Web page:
The two major threats to the species are small bamboo borers (Dinoderus minutus), which as adults bore stems in India, China, Philippines, Australia, and Japan, and bamboo weevils (Cyrtotrachelus longimanus), which destroy shoots during their larval stage in South China. Other threats include leaf blight (Cercospora), basal culm rot (Fusarium), culm sheath rot (Glomerella cingulata), leaf rust (Kweilingia divina), and leaf spots (Dactylaria). In Bangladesh, bamboo blight caused by Sarocladium oryzae is a serious disease.
Common bamboo has a wide variety of uses, including the stems used as fuel and the leaves used as fodder, though a large amount of ingestion of leaves is known to cause neurological disorder among horses. The worldwide production and trade of B. vulgaris is considerable, though no statistics are available. It also has some disadvantages. Working and machining properties of the stems are poor, as they are not straight, not easy to split, and not flexible, but they are thick-walled and initially strong. Because of high carbohydrate content, stems are susceptible to attacks from fungi and insects such as powderpost beetles. Protection from biological threats is essential for long-term use.
B. v. var. striata is used as ornamental solitary or as border hedge. Its shoots boiled in water are sometimes used for medicinal qualities. Cultivated around the world, it is generally found in East, Southeast, and South Asia.B. v. f. waminii is cultivated in the USA and Europe in addition to Asia.B. v. f. vittata is the most popular variety as an ornamental plant, and is considered to be very beautiful. The 'Kimmei' cultivar is mostly cultivated in Japan.
It is widely used as an ornamental plant, and is very popular as that. It often is planted as fences and border hedges. It is also planted a measure for erosion control.
The stems or culms of B. vulgaris are used for fencing and construction, especially of small, temporary shelters, including flooring, roof tiles, panelling, and walls made wither with culms or split stems. The culm is used to make many parts of boats including masts, rudders, outriggers, and boating poles. It also is used to make furniture, basketry, windbreakers, flutes, fishing rods, tool handles, stakes, weapons, bows for fishing nets, smoking pipes, irrigation pipes, distillation pipes, and more.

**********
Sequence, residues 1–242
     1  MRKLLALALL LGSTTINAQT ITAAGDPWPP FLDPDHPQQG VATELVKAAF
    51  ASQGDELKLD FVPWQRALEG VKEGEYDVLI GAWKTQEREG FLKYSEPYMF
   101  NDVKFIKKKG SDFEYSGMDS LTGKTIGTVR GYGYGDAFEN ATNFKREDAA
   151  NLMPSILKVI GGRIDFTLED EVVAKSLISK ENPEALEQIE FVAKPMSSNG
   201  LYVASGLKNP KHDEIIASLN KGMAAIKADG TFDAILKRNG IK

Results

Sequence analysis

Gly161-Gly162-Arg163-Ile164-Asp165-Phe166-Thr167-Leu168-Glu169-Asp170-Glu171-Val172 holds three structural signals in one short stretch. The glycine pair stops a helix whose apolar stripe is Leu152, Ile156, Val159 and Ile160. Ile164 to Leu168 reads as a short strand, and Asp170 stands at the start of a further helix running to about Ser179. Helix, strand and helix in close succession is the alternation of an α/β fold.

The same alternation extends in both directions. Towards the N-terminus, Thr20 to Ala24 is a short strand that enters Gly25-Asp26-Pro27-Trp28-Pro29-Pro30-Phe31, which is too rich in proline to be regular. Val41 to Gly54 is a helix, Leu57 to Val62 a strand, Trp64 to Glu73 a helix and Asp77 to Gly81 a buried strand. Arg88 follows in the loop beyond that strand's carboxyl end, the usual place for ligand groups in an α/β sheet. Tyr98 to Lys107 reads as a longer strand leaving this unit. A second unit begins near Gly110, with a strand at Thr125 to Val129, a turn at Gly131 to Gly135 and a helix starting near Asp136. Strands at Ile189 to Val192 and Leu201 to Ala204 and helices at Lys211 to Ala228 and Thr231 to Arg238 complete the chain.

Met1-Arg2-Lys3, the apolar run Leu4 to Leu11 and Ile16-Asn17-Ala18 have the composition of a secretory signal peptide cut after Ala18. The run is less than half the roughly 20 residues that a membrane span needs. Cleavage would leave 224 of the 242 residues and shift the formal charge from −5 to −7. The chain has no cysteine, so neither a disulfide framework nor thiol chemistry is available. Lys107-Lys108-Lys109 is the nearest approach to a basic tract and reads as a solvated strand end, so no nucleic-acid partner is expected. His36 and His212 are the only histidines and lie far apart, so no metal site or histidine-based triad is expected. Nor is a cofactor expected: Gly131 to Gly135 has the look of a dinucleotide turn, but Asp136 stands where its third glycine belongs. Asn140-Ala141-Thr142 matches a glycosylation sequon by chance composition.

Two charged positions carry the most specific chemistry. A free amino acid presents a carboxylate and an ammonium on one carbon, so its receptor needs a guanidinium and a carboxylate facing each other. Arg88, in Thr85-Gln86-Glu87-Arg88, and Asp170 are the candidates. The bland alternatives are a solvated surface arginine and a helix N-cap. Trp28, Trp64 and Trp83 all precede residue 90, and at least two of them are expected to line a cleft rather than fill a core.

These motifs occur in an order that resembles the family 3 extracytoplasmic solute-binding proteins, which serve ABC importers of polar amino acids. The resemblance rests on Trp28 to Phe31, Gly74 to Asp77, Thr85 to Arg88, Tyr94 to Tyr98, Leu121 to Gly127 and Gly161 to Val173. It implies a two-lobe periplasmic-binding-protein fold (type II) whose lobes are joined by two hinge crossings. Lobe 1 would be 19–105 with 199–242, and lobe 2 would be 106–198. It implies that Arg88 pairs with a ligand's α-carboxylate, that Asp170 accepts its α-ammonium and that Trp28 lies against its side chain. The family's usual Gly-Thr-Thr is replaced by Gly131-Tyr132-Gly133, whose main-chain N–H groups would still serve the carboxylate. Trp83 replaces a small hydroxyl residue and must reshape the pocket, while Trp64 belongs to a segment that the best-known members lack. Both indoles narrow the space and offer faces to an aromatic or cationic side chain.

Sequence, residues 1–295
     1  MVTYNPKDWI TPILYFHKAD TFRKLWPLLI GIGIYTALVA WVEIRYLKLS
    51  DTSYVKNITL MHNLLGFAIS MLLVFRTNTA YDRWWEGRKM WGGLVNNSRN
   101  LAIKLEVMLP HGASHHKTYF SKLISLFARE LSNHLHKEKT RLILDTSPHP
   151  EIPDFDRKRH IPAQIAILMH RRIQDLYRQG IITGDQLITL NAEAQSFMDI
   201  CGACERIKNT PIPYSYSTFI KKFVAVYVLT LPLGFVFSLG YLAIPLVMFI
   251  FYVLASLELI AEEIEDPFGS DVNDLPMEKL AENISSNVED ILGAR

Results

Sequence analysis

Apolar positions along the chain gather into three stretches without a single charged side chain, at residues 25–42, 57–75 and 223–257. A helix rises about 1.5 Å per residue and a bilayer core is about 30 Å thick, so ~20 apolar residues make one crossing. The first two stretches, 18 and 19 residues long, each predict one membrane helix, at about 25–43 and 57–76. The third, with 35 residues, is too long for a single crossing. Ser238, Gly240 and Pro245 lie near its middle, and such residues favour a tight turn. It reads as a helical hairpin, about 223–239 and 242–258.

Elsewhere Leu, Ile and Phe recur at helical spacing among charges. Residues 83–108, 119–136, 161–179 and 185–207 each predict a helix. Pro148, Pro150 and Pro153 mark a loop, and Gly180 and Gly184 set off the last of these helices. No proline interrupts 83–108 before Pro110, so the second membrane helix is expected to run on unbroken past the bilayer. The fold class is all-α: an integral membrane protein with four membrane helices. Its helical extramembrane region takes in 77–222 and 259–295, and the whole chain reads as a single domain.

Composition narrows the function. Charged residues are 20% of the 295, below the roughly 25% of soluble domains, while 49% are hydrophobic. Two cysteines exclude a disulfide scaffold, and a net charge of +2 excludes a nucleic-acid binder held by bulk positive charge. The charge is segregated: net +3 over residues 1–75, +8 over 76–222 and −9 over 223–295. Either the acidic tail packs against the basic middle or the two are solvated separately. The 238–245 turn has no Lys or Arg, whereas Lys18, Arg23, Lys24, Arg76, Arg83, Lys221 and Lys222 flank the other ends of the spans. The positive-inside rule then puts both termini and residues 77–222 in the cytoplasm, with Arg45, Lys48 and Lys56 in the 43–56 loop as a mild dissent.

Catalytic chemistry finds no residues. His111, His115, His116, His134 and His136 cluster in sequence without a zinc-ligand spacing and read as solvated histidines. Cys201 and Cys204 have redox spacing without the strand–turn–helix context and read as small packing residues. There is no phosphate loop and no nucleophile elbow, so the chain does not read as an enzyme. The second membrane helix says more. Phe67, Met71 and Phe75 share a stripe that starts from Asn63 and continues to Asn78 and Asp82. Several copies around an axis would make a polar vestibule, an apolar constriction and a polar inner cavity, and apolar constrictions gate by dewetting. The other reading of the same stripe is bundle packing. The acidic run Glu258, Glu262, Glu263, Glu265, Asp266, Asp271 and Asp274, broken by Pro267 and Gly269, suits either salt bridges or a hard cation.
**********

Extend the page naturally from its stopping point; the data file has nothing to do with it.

It is used as raw material for paper pulp, especially in India. Paper made from B. vulgaris has exceptional tear strength, comparable to paper made of softwood. It can also be used to make particle boards and flexible packaging grade paper.
Young shoots of the plant, cooked or pickled, are edible and eaten throughout Asia. Yellow shoots remain buttercup yellow after cooking. A decoction of the growing tips is mixed with Job's tears (Coix lacryma-jobi) to make a refreshing drink in Mauritius. The shoots are tender and whitish pink[clarification needed], and have a fair canning quality.
A 100-gram (3.5 oz) serving of young shoots of green-stem cultivars has 90 g of water, 2.6 g of protein, 4.1 g of fat, 0.4 g of digestable carbohydrates, 1.1 g of insoluble dietary fiber, 22.8 mg of calcium, 37 mg of phosphorus, 1.1 mg of iron, and 3.1 mg of ascorbic acid. Aserving of young shoots of yellow-stem cultivars has 88 g of water, 1.8 g of protein, 7.2 g of fat, 0.0 g of digestible carbohydrates, 1.2 grams of insoluble fiber, 28.6 mg of calcium, 27.5 mg of phosphorus, and 1.4 mgs of iron.
Golden bamboo is considered in many traditions across Asia to have medicinal value. Many uses are found in herbal medicine, though the effects are not clinically proven. In Java, water stored in golden bamboo tubes is used as a cure of various diseases. In the Congo, its leaves are used as part of a treatment against measles; in Nigeria, an infusion of macerated leaves is taken against sexually transmitted diseases and as an abortifacient - the latter has been shown to work in rabbits.
Though not suited for small yards, as it grows in large clumps, young plants of golden bamboo can be grown in large containers. Golden bamboo grows well in full sunlight or partial shade. Protection is important, as animals often graze on young shoots. In Tanzania, management of B. vulgaris cultivation entails clearing of the ground around clumps.
Among all bamboos, only shoots of B. vulgaris contains taxiphyllin (a cyanogenic glycoside) that functions as an enzyme inhibitor in the human body when released, but degrades readily in boiling water. It is highly toxic, and the lethal dose for humans is about 50-60 mg. A dose of 25 mg cyanogenic glycoside fed to rats (100-120 g body weight) caused clinical signs of toxicity, including apnoea, ataxia, and paresis. Horses in Pará, Brazil, were diagnosed with clinical signs of somnolence and severe ataxia after ingesting B. vulgaris. Farmers in Africa sometimes prefer to buy it rather than planting it, as they believe it harms the soil.